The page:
Joe Cooper on Behance

Also, be sure to clearly indicate if a work example is 100% your creation or a shared project. If it is shared, illuminate what part of the design was your contribution.

Andrew Kulihin on Behance

If you include personal work in your portfolio, clearly indicate it as such. This is absolutely critical for designers with freelance experience. Creativity on demand is much different than creativity when you feel like it on your own time.

For viewers, there’s no indication if a project took a month to tweak or if it was turned around in a short amount of time more similar to a college athletics department environment.

If you create a personal site, put your work front and center. That’s the primary reason people visit after all. Don’t get too caught up in sharing your life story. Your work is what they came for. Show hiring personnel how you can creatively solve challenges for their team.

Cody James Personal Site

Update your portfolio when appropriate. Keep your most recent projects at the top. Please remember to link to your portfolio from your Twitter profile and online resume.

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Take your career and your work seriously. Professionals are found on Linkedin. It’s fine to have a personal resume (and provide a PDF link) but think about this from a team’s perspective. Hiring personnel must wade through stacks and screen after screen of resumes and portfolios.

Let’s be honest, creatives at times can get a little too creative in an effort to stand out. Linkedin helps standardize the basics like current position, experience and education.

★  Create a Linkedin profile
★  Keep it updated
★  Add responsibilities to your positions, not just job titles
★  Link to your Twitter profile, online portfolio
★  Provide personal contact info (email, phone)

Adding detailed responsibilities to your positions helps hiring personnel better understand your experience and skills. Current digital and design job titles can be confusing. If you’ve done it, let them know. Don’t leave them to guess.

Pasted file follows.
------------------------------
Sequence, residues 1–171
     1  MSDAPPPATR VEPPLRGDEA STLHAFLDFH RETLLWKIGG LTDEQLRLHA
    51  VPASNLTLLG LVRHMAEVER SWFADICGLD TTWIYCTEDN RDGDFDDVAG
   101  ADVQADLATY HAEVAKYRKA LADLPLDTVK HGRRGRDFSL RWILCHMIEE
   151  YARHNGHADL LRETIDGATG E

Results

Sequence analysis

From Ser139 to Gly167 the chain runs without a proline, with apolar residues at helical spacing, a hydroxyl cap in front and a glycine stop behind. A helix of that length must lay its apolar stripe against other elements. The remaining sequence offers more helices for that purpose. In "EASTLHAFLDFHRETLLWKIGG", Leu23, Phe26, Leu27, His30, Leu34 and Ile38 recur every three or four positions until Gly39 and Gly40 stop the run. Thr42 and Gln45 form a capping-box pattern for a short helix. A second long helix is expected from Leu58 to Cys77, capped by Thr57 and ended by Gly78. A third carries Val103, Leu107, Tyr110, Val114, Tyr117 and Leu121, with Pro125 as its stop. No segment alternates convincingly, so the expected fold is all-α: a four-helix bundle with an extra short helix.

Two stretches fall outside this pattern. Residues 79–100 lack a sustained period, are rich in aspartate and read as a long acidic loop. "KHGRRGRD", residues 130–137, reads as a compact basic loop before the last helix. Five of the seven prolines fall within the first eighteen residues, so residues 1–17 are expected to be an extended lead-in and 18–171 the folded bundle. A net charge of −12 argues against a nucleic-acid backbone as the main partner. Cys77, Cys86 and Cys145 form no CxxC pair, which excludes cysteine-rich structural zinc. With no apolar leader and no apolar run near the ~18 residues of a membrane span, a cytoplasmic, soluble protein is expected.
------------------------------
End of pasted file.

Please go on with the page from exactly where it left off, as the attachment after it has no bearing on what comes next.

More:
Blake Beamer on Linkedin

Don’t forget to add contact info on Linkedin. The site’s recent redesign makes this information easier to find. Hiring personnel will more likely keep interaction under the radar and contact you via a private email or phone number.

JT Cattelan

We mentioned previously that people move around in college athletics. It makes college athletics a very small world. Everyone it seems has worked with everyone else. Word gets around. Treat people the right way and do things the right way. Hiring personnel will certainly do their homework.

To summarize, do these three things and link them to each other. Do these well and put yourself in the best position to take the next step in your career. Who knows? It could be just around the corner.

★  Twitter profile
★  Online portfolio
★  Online resume

Finally, thank you to these college athletics digital and design creatives provided as examples:

Brandon Spahn – Indiana
Matt Tornquist – Purdue
Spencer LaHaye – K-State Football
Daniel Saline – Boise State Football
Philip Allman – Washington
Joe Cooper – Colorado State
Andrew Kulihin – Rutgers
Cody James – Pitt
Blake Beamer – Texas
JT Cattelan – Utah Football

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Thanks to the athletics staff working hard behind the scenes to connect fans with the teams they love.

Jason R. Matheson